I was on my first-ever solo retreat, at a beautiful hermitage (1-person cottage) on a reservation spanning tens of acres two hours from Charlotte. I was there to reconnect with (or find) my purpose and to draft out my Life Plan. A year after I left my position as the Executive Director of a nonprofit and four years after I left my job as a corporate executive earning more money than most people could dream of making, I was at a fork in the road. One path: Continue with my coaching practice — and go all in, executing on my “marketing funnel,” creating a “social media presence” and reconciling with the fact that this was my move-forward life. Or, the other path: Give in to the inner voice of doubt, to the pull of the familiar and to get another “traditional” job.
Back to the retreat. I chose a site that was almost invisible on-line and instead relied on word of mouth referrals. A friend of mine, whom I respect deeply recommended this place, so off I went. Instead of staying in the main house, I chose to stay off the grid, in a small cottage — doubly ensuring that I could be alone with my thoughts, devoid of any of life’s intrusions and not be tempted to interact with other guests, something that comes all too naturally to me, especially while avoiding any kind of “heavy” work and contemplation. This cottage was approximately 100 yards away from the main house and from the dining room where all of our meals would be served.
The location and main house were exactly as I pictured them. Impossibly tall thin trees, acres of fall-stripped leaves on a wet ground and the faint sound of small animals and a waterfall in the near distance. I checked in and then drove a short distance to my home for the weekend. The cottage was quaint, just as described and more than I needed. It was both rustic and modern, with nice touches that softly said, “Welcome.” I settled my bags and promptly went out to explore the area, to find walking paths and to get a general lay of the land. I took a 45-minute walk and it was spectacular. Nothing but trees, a well-maintained path and silence, lots of it. I was relieved that the first path I took went around in a circle and didn’t require me to use my cellphone GPS to get me back to civilization. I went back to my room, prepped for the next day of writing, then just after darkness fell over the reservation, I set off for the dining room with my industrial-strength flashlight. It was fairly easy to find the main building in the dark, as it was well lit and there was only one path option from my cottage.
The dinner was lovely, prepared by loving hands, covering all the food-groups and also delicious. Another guest joined me, also there alone and we talked as if we were fast friends for over an hour. There seemed to be a special bond that formed between two women on a parallel retreat to soul-find. We bid goodnight and I set off into the dark for my cottage. And here’s where my first weekend a-ha happened.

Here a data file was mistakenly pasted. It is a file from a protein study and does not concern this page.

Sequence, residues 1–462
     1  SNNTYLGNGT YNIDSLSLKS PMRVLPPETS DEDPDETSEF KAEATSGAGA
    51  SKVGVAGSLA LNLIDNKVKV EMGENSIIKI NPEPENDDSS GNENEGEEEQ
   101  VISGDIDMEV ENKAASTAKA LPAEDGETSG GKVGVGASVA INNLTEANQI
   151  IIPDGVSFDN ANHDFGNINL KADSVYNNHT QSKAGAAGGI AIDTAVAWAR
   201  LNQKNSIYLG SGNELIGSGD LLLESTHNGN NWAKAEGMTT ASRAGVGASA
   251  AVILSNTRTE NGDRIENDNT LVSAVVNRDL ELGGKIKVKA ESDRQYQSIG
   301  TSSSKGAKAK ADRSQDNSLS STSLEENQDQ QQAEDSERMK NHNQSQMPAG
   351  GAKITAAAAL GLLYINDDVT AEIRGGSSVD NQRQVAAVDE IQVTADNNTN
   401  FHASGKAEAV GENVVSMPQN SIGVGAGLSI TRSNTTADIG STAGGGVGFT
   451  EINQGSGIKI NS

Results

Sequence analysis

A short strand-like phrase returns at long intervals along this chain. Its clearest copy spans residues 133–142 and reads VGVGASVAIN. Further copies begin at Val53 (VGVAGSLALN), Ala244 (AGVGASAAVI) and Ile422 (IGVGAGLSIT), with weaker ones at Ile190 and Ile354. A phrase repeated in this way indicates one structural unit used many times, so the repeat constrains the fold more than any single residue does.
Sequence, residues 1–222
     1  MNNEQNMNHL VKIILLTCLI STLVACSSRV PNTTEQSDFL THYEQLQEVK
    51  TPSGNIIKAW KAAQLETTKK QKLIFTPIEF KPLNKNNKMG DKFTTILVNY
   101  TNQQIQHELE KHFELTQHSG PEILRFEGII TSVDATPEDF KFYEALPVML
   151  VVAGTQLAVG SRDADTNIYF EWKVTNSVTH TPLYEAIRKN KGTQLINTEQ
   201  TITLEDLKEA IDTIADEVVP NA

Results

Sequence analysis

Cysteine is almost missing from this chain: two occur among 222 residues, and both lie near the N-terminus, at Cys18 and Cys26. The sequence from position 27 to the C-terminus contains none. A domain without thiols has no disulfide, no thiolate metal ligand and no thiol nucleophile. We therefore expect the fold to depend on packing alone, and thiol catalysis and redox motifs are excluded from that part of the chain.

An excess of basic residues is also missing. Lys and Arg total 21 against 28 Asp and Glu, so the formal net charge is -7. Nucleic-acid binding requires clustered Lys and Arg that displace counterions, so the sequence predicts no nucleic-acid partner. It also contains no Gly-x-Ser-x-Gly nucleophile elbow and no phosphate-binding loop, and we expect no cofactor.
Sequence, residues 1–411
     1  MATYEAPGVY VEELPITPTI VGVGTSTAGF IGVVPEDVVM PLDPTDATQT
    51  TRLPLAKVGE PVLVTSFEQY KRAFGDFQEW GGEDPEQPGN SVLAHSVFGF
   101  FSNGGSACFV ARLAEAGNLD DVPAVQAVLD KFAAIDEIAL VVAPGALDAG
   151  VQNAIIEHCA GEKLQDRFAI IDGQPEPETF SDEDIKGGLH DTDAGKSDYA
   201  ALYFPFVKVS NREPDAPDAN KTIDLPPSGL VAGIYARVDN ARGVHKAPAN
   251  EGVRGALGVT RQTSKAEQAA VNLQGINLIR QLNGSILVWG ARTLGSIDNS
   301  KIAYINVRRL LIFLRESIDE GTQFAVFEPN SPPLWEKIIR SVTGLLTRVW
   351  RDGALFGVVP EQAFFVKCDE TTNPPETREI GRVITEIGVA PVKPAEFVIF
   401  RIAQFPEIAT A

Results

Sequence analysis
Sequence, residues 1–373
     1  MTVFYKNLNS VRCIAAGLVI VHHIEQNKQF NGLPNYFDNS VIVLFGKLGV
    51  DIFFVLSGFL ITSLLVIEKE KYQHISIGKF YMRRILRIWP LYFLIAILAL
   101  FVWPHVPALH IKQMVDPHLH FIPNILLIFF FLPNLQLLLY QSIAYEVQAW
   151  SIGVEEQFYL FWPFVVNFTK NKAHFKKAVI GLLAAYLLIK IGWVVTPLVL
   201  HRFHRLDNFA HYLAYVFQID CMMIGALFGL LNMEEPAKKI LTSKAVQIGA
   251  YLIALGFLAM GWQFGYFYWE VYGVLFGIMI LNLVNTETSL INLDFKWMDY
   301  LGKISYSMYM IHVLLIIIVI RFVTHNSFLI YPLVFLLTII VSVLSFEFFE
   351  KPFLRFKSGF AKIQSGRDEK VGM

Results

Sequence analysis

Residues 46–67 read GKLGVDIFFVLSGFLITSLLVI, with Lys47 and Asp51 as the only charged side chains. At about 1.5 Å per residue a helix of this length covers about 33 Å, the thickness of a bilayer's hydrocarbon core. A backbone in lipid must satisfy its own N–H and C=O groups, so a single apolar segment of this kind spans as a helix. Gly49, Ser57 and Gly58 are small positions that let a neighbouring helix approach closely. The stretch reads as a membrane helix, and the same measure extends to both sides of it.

Coming back to the cottage, the path had a fork with two options. Unlike the main-building, my cottage was not all lit up. Thankfully, I had decided to leave one light on and could now make it out from a distance. Which way to turn on the path, though? This I have learned over my life: I have absolutely no natural sense of direction. If I find myself at forks in the road, I have no recollection of the right or wrong turn, no matter how many times I have been at the same fork. So, picture this: I can see the small light through the window of my cottage from a distance. The two paths at the fork both lead into darkness and my flashlight only illuminates about 15 feet in front of me. I chose the path on the left. Nothing seems familiar and it is pitch dark in all directions. I have the destination in my view — and you guessed it, the path runs out. My cottage is fairly close, so I think, “I can get there, no problem.” No problem, except that since it had been raining for days, the non-fortified ground was a red-clay mess and who knows what would happen if I were to slip, fall and hurt myself. There was construction in my pathway, so the thought occurred that I could get tangled, fall into a ditch, or whatever. A small panic began to come over me. Are there animals, or other things that could pop out of the woods?
I’ll jump to the end … I made it safely. My shoes and the bottom of my pants were coated in mud and I had to laugh at myself for a bit. Once I was inside, dry and warm once again, I couldn’t help but to put my little trip into perspective. Here’s what I know of myself and what plays out on a pretty regular basis. I have no sense of direction. I often take the wrong fork in the road and usually, even if I’ve taken that same darn fork before, I don’t know it until it’s too late. That said, I also know this. When I am healthy and when I take care of myself, I am quietly confident, having the stick-to-itiveness to overcome, to navigate and to go towards that (sometimes faint) light that is my purpose, that is my “right thing” and I do so with a sense of humor, with a sense of adventure and with a sense of knowing that I’m in it for the right reasons. Today, I find myself at a fork in the road, placing enormous gravity on either choice, professionally speaking. Most of it is in my mind. Most of it isn’t as heavy as I make it out to be. But, most of all — as long as I have a light to close in on, I know I can get there, muddy shoes notwithstanding. That’s my vision for this weekend — refocus on my purpose, my light.
Do you have a clear purpose?
Cindi Basenspiler provides leadership and success coaching to individuals and teams facing their biggest challenges. Customized programs hold clients accountable for forming strong systems, processes and habits. Are you considering hiring a coach to help you navigate a challenge, to become a better you? To get more information, visit my website.